OK, OK, you gleaned the truth from that title, didn’t you?
There is a tiny part of me–just a tiny part–that still, after all these years, feels insignificant. As a creative blogger, I am still trying to soothe the indignant inner housewife who is still, yes STILL, upset that I was once labeled as “just a housewife from Michigan.”
(Get over it, Kathy. There is nothing wrong with being “just” a housewife. A housewife is a wonderful occupation! Husbands and wives attempt to quit their 9-5 jobs daily, begging one another, “Can’t I please be a housewife? Can’t I please be a house husband?)
Nonetheless, you shall have to remember.
Some of us grew up in the 1950’s and 60’s and 70’s when the word “housewife” brought images of a stay-at-home happy smiling Mom who is perfectly satisfied in serving the needs of her almost-perfect family. Think: Leave it to Beaver. Think: June Cleaver. Think: perfectly coiffed Mom with apron scrambling eggs for breakfast.
There is–or was–a deep cultural bias both for and against housewives. We are the meat & bones of America. We are the worthiest of the worthy for raising our little blessings to become the best blessings they could be. We sacrifice ourselves in the name of vacuuming and dusting and car pooling to raise the future presidents, corporate executives, college professors and physicians.
We’re what makes it all possible.
Some women fit the housewife role like a gaily patterned apron. Some women thrive. They can’t imagine, can’t imagine, anything which better suits their nature.
I am not one of those women.
Make no mistake. I think I was a pretty darn good mother and housewife. OK, a good mother anyway. As a housewife, I was neat. Always straightened everything up so our Little House in the Woods looked neat and acceptable. But experienced a little challenge cleaning that deep-down dirt and wood stove dust. Still do.
Let’s move back in imagination to the 1980’s and 1990’s. Something in me felt delighted, thrilled, overjoyed to be raisin’ young’uns in the Upper Peninsula Woods. I had to hold two part-time jobs to help make finances work, but I was mostly a housewifely sort. My world revolved around family. I adored them.
Except something felt missing. It felt terribly missing. Something in me longed to be wildly creative, wildly appreciated, wildly productive. Something longed to be free, traveling, writing epic novels, spiritually enlightened. Something wanted more than the “housewife” title.
So I traveled as much as possible. Attended a few spiritual workshops. Followed local Anishinabe (Ojibway) Native Americans into the woods and prayed in sweat lodges while the full moon rose. I once “accidentally” sweated with sixteen men. Long story. It made me feel brave and respected when the elder called me “courageous.”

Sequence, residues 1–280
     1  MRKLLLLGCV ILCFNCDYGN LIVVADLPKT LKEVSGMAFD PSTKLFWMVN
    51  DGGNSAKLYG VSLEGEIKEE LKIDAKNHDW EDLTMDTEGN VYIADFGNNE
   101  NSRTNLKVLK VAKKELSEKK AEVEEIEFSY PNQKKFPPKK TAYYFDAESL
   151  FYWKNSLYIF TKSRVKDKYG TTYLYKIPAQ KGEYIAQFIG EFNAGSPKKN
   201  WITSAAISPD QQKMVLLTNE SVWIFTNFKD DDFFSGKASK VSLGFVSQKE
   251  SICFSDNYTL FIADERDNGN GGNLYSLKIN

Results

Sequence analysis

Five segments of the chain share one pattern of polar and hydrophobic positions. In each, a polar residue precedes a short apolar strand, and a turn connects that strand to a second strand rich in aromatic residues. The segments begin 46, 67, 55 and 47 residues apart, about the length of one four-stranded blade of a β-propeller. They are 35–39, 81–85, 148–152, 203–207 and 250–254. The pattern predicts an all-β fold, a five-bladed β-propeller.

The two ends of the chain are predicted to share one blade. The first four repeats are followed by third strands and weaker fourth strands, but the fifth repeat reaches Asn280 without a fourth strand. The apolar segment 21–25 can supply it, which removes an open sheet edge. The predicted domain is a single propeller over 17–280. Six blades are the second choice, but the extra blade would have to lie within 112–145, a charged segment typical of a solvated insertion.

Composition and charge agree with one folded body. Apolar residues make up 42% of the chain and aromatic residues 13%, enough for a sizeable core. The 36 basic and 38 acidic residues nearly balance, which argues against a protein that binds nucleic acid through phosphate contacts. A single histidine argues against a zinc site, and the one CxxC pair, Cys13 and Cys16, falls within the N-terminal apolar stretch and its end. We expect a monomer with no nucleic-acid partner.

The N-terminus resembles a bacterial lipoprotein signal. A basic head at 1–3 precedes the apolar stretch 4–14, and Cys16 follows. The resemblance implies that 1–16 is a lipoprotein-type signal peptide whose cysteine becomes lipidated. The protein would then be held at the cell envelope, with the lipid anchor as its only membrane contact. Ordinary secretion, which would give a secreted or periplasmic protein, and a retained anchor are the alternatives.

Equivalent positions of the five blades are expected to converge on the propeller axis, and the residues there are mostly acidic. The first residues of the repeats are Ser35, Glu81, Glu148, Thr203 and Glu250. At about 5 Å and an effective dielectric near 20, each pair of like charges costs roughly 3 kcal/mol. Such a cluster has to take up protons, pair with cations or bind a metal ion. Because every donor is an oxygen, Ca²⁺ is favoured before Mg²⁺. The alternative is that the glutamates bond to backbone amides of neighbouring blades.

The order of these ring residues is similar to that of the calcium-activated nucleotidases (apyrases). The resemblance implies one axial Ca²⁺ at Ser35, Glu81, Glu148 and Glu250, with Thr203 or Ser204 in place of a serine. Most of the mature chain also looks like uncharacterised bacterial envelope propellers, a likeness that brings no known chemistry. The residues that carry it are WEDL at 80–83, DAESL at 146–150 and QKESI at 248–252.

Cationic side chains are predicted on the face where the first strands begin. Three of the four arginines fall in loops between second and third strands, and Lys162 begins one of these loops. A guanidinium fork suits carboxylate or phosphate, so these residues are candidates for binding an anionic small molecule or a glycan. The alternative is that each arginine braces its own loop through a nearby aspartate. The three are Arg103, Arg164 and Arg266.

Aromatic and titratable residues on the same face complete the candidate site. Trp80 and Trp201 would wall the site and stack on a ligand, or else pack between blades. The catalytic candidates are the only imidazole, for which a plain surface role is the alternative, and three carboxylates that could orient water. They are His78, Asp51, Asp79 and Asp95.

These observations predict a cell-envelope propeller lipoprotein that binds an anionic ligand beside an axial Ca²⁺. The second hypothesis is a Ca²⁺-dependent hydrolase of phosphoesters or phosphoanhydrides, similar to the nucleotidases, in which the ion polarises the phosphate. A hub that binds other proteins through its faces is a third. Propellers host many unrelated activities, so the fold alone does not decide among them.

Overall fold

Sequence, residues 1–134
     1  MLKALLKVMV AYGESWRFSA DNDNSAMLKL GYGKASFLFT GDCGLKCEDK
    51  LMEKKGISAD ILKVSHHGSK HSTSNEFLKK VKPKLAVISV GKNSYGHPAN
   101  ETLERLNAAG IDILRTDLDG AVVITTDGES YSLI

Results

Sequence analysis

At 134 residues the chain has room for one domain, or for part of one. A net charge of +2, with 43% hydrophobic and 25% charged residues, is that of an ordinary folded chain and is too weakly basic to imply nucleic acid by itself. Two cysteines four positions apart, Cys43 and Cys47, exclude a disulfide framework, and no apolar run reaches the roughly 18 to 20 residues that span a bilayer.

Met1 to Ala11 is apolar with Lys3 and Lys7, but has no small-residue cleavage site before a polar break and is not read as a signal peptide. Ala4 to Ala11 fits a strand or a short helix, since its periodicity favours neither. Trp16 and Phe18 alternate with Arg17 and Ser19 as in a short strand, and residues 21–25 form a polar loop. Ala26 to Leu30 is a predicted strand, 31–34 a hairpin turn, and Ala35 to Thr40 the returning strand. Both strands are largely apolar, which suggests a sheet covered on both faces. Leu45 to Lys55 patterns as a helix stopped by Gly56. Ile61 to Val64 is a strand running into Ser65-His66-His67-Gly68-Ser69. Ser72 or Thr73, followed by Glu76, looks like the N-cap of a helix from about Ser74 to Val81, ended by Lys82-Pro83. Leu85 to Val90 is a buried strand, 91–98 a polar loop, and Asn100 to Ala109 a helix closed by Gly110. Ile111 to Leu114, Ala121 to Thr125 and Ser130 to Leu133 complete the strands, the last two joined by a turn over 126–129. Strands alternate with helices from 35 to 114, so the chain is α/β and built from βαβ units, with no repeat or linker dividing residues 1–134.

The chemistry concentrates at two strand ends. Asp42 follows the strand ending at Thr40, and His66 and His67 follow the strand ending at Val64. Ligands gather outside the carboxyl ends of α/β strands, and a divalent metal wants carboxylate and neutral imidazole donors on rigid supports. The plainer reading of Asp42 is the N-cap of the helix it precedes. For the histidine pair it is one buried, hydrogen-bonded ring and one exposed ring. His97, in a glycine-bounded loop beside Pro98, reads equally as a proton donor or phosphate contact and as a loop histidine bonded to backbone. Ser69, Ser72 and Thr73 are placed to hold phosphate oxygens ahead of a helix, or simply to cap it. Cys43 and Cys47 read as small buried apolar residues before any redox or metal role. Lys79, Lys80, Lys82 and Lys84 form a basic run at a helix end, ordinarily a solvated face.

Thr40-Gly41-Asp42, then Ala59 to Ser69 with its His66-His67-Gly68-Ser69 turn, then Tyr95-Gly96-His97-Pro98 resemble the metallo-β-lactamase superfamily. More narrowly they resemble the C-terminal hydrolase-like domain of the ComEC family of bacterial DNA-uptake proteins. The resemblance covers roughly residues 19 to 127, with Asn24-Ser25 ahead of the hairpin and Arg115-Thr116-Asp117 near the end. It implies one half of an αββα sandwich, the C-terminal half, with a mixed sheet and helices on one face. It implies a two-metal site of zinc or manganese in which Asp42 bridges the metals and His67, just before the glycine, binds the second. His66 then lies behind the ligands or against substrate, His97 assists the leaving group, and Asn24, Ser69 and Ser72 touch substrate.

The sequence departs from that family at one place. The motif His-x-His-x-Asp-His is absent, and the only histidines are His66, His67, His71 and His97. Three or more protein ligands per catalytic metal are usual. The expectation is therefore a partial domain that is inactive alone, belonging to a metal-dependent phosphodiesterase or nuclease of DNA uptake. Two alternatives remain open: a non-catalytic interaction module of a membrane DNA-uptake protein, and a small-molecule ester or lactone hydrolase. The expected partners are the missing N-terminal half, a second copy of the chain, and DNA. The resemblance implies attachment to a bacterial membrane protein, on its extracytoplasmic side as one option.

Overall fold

I just wanted to be something other than an ordinary mother and housewife.
I wanted to follow my heart’s calling.
But it didn’t come with directions.
It didn’t come with GPS.
Some people look interesting, don’t they? They wear bangles and jangles and scarves and fancy clothes. They find a fashion statement to wear on the outside, explaining to the world who they are–or who they want to be.
I wear blue jeans. Today, a light blue extra-ordinary sweater. No makeup. Glasses. Not even fashion glasses. I look like an ordinary housewife from Michigan.
Not like a creative secret spy. Not an other-world adventurer. Not a wild & crazy dreamer. Not a spinner of tales, a moon-singer, a forest sprite, a baying wolf, an artiste in Paris or Barcelona.
Once, in the mountains of Montana, I swapped stories with a Chicago executive.
“And I thought you were just a housewife from Michigan!”
Ladies and gentlemen readers, I am here this morning to tell you something very very important.
Lean in closely.
Do not–do not ever–mistake a person for his or her vocation. Do not mistake what a person does for a living, for work, as who he or she really truly is.
Do not ever think a person is only a father, only an accountant, only an engineer, only a software consultant, only a mother, only an invalid, only a retiree, only a helpmate.
We are not “only” anythings!
We are magnificent beings with infinite possibilities.
We are limited only by our self-definitions and never, ever, ever, let yourself or anyone else define you by a “just” or “only”!
Stepping off soapbox now.
It is time to vacuum. (Don’t gasp, Barry!)
For the next half hour I am a housewife from Michigan. After that…perhaps tax collector or meditating monk or forest sprite. You never know.
P.S. Storm and snow photos next, I promise. Unless of course the wild & unpredictable non-housewifely words insist upon another story…